Providence was settled in June 1636 by Puritan theologian Roger Williams and grew into one of the original Thirteen Colonies. As a minister in the Massachusetts Bay Colony, Williams had advocated for separation from the Church of England and condemned colonists’ confiscation of land from Native Americans. For these “diverse, new, and dangerous opinions,” he was convicted of sedition and heresy and banished from the colony. Williams and others established a settlement in Rumford, Rhode Island. The group later moved down the Seekonk River, around the point now known as Fox Point and up the Providence River to the confluence of the Moshassuck and Woonasquatucket Rivers. Here they established a new settlement they termed “Providence Plantations.”
Unlike Salem and Boston, Providence lacked a royal charter. The settlers thus organized themselves, allotting tracts on the eastern side of the Providence River in 1638. Roughly six acres each, these home lots extended from Towne Street (now South Main Street) to Hope Street.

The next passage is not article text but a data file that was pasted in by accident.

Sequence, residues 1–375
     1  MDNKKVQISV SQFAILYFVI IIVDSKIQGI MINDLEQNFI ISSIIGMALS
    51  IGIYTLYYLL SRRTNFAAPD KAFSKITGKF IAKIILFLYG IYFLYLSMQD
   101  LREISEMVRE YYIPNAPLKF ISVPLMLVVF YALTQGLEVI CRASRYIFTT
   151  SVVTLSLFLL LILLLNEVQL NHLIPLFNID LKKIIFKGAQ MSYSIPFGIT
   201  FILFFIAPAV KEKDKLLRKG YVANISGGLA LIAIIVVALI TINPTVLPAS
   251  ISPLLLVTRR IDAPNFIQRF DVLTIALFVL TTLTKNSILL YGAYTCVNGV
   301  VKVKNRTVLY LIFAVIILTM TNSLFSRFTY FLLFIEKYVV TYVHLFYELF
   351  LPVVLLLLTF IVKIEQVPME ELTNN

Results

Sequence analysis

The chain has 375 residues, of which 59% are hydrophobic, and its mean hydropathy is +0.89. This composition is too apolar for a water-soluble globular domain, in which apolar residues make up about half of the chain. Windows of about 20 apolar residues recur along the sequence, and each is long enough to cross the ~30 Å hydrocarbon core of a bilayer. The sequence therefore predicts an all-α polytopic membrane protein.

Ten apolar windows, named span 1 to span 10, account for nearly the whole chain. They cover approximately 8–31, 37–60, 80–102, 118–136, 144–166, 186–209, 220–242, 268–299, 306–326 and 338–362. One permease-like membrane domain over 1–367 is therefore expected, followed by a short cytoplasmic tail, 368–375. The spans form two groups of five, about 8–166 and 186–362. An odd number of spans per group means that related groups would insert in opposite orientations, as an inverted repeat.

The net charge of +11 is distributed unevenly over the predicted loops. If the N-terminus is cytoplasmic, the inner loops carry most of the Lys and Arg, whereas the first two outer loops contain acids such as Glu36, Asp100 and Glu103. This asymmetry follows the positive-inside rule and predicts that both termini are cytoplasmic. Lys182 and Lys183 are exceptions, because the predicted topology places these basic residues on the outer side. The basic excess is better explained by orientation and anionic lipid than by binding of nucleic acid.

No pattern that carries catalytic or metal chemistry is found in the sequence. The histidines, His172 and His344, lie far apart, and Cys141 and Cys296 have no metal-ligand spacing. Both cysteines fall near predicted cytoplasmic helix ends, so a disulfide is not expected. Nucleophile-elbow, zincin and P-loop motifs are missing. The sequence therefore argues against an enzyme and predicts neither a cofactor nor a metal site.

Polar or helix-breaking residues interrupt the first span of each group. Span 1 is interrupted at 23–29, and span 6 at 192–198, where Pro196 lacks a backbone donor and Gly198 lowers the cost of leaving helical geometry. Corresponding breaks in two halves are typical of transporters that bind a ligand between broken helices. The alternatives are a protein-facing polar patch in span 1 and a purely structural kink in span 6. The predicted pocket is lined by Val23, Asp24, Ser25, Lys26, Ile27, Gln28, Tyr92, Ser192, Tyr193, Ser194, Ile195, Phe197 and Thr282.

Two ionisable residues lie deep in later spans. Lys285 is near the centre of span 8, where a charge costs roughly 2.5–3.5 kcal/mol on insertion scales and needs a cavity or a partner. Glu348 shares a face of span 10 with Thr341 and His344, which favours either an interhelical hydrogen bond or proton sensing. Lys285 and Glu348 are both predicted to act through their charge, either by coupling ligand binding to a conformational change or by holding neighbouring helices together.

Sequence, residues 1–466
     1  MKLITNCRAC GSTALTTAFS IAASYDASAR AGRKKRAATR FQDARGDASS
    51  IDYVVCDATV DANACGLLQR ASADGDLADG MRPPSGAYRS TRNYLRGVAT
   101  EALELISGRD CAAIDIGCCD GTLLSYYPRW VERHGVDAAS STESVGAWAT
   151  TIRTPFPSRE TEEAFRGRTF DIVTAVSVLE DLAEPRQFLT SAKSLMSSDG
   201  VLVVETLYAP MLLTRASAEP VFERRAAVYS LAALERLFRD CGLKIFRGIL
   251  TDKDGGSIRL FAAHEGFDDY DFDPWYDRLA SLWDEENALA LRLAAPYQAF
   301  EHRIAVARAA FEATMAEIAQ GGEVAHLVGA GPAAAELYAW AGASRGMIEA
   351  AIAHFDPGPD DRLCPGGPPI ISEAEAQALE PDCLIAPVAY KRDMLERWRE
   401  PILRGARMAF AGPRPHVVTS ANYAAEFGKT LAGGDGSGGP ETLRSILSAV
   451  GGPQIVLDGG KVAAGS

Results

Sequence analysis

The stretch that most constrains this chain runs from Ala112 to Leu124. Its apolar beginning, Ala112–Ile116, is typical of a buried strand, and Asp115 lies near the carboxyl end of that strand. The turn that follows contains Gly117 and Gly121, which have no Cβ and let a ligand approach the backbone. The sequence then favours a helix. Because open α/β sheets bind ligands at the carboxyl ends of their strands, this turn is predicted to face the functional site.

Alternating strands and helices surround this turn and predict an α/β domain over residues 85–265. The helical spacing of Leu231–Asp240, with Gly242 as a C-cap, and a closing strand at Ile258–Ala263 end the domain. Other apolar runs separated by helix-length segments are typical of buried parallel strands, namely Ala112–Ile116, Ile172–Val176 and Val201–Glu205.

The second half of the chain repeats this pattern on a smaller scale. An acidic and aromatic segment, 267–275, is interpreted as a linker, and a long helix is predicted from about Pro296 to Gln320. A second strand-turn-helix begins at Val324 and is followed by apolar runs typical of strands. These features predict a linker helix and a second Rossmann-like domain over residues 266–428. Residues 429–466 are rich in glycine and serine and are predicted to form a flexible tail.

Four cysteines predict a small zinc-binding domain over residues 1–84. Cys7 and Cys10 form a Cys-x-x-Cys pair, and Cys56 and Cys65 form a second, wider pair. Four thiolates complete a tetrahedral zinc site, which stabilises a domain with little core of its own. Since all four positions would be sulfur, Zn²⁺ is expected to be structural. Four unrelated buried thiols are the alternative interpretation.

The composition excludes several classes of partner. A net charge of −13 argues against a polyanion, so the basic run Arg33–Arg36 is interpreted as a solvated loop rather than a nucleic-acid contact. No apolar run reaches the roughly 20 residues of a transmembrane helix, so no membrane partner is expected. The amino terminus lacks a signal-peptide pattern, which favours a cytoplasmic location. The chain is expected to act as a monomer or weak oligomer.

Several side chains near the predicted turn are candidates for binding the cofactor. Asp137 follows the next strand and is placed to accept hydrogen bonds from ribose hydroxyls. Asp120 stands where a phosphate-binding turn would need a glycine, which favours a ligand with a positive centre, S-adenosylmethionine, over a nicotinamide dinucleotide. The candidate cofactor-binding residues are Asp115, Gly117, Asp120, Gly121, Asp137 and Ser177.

In 1652, Providence prohibited African and African American slavery for periods of longer than 10 years. This statute constituted the first anti-slavery law in the United States, though there is no evidence the prohibition was ever enforced.
In March of 1676, Providence Plantations was burned to the ground by the Narragansetts as part of King Philip’s War. Later in the year, the Rhode Island legislature formally rebuked the other colonies for provoking the war.
In 1770, Brown University moved to Providence from nearby Warren. At the time, the college was known as Rhode Island College and occupied a single building on College Hill. The college’s choice to relocate to Providence as opposed to Newport symbolized a larger shift away from the latter city’s commercial and political dominance over the state.